Eventually Jackie Chan and Jet Li, after years as stars in the East, made a dent in the U.S. market; and in 2005 the movie Bride and Prejudice, starring Bollywood princess Aishwarya Rai, tried unsuccessfully to anglicize the Indian musical. Yet there's been little foreign exchange between the two national cinemas. So far as I know, Chandni Chowk, which Warner Bros. is giving a fairly wide release in the States this week, represents the first A-budget crossbreeding of Bollywood and Hong Kong.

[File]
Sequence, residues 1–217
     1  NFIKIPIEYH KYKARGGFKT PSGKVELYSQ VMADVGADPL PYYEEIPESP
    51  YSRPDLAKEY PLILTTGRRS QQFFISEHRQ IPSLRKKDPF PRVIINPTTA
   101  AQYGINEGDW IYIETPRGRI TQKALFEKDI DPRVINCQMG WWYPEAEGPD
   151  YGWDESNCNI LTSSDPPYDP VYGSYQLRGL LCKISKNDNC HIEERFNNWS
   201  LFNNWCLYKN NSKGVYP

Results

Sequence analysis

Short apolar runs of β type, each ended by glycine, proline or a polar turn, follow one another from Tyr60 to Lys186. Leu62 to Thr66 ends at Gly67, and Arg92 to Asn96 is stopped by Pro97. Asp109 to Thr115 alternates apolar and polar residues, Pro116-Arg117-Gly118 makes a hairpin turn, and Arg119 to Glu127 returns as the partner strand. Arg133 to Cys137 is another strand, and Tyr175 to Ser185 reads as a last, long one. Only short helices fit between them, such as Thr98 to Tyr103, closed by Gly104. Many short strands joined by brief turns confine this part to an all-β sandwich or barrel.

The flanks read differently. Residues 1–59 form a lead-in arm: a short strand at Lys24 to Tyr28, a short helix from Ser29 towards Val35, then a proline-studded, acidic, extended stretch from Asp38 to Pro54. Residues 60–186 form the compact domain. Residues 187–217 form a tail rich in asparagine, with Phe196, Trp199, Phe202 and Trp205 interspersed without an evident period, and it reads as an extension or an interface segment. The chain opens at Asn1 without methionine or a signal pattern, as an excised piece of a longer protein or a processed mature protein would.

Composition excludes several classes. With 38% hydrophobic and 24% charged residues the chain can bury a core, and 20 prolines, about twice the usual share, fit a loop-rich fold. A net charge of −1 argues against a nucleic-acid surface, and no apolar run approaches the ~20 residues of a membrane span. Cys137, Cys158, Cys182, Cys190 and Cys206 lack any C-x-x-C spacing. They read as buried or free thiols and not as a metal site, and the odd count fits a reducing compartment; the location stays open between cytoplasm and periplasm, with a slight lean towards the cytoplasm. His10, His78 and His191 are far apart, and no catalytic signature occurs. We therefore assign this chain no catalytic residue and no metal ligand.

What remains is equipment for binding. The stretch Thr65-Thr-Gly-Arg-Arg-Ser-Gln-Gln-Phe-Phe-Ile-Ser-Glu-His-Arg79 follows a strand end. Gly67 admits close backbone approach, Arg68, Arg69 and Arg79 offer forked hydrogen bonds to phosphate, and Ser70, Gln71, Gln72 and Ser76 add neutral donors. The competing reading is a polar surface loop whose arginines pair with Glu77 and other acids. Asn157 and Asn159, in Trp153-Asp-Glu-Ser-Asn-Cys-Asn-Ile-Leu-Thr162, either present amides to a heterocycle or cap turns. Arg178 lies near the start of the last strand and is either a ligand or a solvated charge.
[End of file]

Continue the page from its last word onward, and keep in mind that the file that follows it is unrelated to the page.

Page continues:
The results of this genetic experiment are mixed. Chandni Chowk (named for a working-class neighborhood in Delhi) is probably a decent sampler for Americans who've never seen a full-out Bollywood musical, since it goes heavy on the action scenes and light on the big dance numbers. The movie does include other conventions of the genre, such as the need of a young man to both rebel against his father figure and please him, and the melodramatic abasing of the protagonist; but these are familiar from Hollywood films, so they won't strike the uneducated viewer as unduly weird, just a little hackneyed. Indeed, that's the impression I got from the movie: different faces, same clichés. And (another facet of Bollywood films), longer: 2 hours and 36 minutes. In current American movies, that running time would encompass the telling of a man's whole life, backward. The plot should remind you of Kung Fu Panda, last year's excellent DreamWorks cartoon about the clumsy bear, employed in his father's noodle shop, who becomes a martial-arts expert and saves his village from a villainous tiger. Chandni Chowk is more a Kung Fu Pandit, with the oaf-hero Sidhu (Akshay Kumar), chopping away in the shop of his Dada (Mithun Chakraborty). Some visiting Chinese folks ID him as the incarnation of their nation's greatest warrior, Liu Sheng, and think Sidhu is just the fellow to rid their village of the oppressive Hojo (Gordon Liu). Accompanied by his raffish translator Chopsticks (Ranvir Shorey), Sidhu travels to the Great Wall, where his life is saved by a mysterious beggar (Roger Yuan) with twin Indo-Chinese daughters: the TV hostess Sakhi and Hojo's henchwoman Suzy (both played by Deepika Padukone) who were separated at birth and unaware of each other's existence.